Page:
Troubled Teen Girls | Re-Creation Retreat

By

Teenage rebellion can be a sign of health, especially in girls. In an essay contributed to Catching a Wave: Reclaiming Feminism for the 21st Century, Nancy Gruver has written that girls are understandably outraged by injustices. However, the process of socialization teaches girls to swallow their healthy anger. Unfortunately, then, the anger that could fuel needed change in our society is misspent. It gets turned inward as self-destructive choices, or girls express it, ineffectively, in blind rebellion.

Although help for underachieving or troubled girls has traditionally focused on family dynamics, there is a growing awareness that school is one of the major agents for socialization in our culture. It’s been over 20 years since researchers confirmed what most struggling girls know instinctively; there is a toxic level of bias against girls in our schools, even among teachers who mean well. Professors David and Myra Sadker, in their book, Failing at Fairness, showed that teachers themselves were shocked to see themselves teaching on video. They hadn’t realized how much time they spent teaching boys, or how little time they actually spent teaching girls.

Girls who are troubled are often the brightest and most sensitive. They either learn too well what society seems to want from them (such as sexual precociousness or underachievement) or they simply refuse to go along with the unfairness. These girls challenge us to find healthier ways to educate them to be contributors to a more just society.

Exhausted parents of troubled girls are torn between advocating for their troubled girls and wishing they would “just go along and get along” in school settings that trample their self-esteem. While a family’s love and concern can do much to build resiliency in their girls, no single family is strong enough to protect its daughters from the effects of a “girl-poisoning” culture. If only we could train girls to use their energies to correct injustice in the world, rather than being self-destructive.

We can. One way to do that is to educate struggling girls in an environment prepared especially to focus on girls - their needs, development, strengths and talents, and the way they learn. Girls boarding schools is just this type of environment.

In recent years, researchers have found that girls in all-girls schools not only increase their grade point averages, self-esteem, and their hopes for the future. They also find increased confidence in their ability to think and to handle conflict. They come to think of themselves as the leaders who will make a difference instead of troubled adolescents who cause problems for society.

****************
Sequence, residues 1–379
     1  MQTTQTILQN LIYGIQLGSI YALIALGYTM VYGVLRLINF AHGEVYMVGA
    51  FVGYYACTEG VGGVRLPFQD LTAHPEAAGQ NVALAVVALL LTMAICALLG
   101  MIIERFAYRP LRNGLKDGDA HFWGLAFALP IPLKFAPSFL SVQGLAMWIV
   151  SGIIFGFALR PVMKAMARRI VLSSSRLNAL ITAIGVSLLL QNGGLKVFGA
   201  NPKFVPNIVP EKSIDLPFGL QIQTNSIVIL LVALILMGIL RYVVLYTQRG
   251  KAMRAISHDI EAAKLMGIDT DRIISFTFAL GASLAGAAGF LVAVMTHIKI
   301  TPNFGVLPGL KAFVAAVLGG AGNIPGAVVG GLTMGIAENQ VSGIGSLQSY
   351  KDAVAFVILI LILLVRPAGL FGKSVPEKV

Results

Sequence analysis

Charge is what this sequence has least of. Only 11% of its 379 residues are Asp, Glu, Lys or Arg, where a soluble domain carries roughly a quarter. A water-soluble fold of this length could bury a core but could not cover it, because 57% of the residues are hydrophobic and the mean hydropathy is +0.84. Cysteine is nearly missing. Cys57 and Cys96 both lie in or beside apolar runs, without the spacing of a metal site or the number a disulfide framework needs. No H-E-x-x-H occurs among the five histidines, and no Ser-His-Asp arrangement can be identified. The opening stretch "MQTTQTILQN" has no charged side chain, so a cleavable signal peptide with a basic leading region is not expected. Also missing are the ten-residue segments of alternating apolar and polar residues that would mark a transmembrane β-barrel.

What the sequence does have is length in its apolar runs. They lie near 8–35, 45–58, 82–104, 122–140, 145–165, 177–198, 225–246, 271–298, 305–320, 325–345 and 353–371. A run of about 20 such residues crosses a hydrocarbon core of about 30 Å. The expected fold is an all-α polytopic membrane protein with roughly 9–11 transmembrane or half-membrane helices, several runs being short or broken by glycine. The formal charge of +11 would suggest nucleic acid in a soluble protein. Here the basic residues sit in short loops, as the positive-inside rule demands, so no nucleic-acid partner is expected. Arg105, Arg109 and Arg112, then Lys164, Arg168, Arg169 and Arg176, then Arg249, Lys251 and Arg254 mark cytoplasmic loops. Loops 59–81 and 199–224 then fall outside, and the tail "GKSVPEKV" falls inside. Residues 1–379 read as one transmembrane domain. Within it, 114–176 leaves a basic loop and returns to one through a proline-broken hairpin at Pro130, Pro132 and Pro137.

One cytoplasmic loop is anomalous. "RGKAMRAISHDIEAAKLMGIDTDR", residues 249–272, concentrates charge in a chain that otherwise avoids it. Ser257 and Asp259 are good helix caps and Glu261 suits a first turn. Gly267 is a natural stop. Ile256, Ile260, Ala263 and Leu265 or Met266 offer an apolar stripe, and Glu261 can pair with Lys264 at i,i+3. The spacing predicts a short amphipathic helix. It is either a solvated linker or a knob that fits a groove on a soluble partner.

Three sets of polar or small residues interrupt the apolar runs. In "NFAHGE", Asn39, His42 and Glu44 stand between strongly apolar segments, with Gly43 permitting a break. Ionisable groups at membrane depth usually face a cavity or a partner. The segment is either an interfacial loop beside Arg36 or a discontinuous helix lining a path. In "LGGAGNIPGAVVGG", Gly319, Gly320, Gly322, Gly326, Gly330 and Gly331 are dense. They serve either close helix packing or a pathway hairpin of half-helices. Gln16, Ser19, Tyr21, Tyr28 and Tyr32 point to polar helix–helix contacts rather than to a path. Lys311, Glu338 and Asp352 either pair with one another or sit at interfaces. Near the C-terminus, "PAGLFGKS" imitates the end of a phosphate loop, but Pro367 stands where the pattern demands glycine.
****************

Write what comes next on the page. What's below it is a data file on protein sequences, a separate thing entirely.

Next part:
For instance, one girl was used to hearing boys yell, “Cat fight!” whenever girls disagreed with each other in class. When she transferred to an all-girls school, she found that girls were encouraged to debate, to speak their minds, and think through their opinions. No longer shut down by the boys’ teasing (which went on right in front of teachers) she developed her thinking and communication skills.

This effect is strengthened even more in girls boarding school, where girls live in a girl-centered world 24/7. Many parents find that boarding schools give their daughters a more positive set of peers, so that peer pressure work for girls, instead of against them. Instead of feeling pressure to experiment with sex and drugs, girls feel challenged to be the best they can be.

The research has been so convincing that, in some quarters, there has even been a call for public schools to offer separate classes for boys and girls. However, the combination between shrinking budgets and an already-biased system is a dangerous one: In the public realm, separate too easily becomes “separate and unequal.” But in a private all-girls educational setting, girls not only receive excellent equipment and facilities, but they are also surrounded by teachers and staff who have chosen to work with girls and who are committed to giving them the best education.

Zion Educational Service can help families with struggling girls get the assistance they need in dealing with their child. By contacting one of our child placing specialists at (888) 597-9495, parents can get the expert advice and wisdom they so desperately seek for their troubled girl.

Share

Behavioral Health

Types: NATSAP - IECA

Wilderness Therapy

RTC (Residential Treatment Centers)

Therapeutic Boarding School

Transition
Education Consultants/Mental Health

IOPS
Intensive Outpatient Programs
Mental Health Counselor/Therapists
Kid is being worked with “at home”, local therapy. They want their client back

Focus on: (referral based)
Mental Health personnel
Educational Consultants

IOP patients

Addiction Treatment

Types: NTAAP - NAADAC - Foundations

Intervention:

Primary Care: 28 days

Extended Care: 60-90 days

Long Term Care: up to 1 year
12 step programs
Celebrate Recovery

Sober Living/IOP:

Monitoring:

Focus on:
Interventionists
programs
Mental Health facilities

Mental Health

Types: APA

911/Emergency: immediate crisis

Stabilization: up to 28 days

Psych Stay: 1-2 months

Structured Living:

Transition

Focus on:
Therapists
Guidance Counselors
Public Professionals
IOPs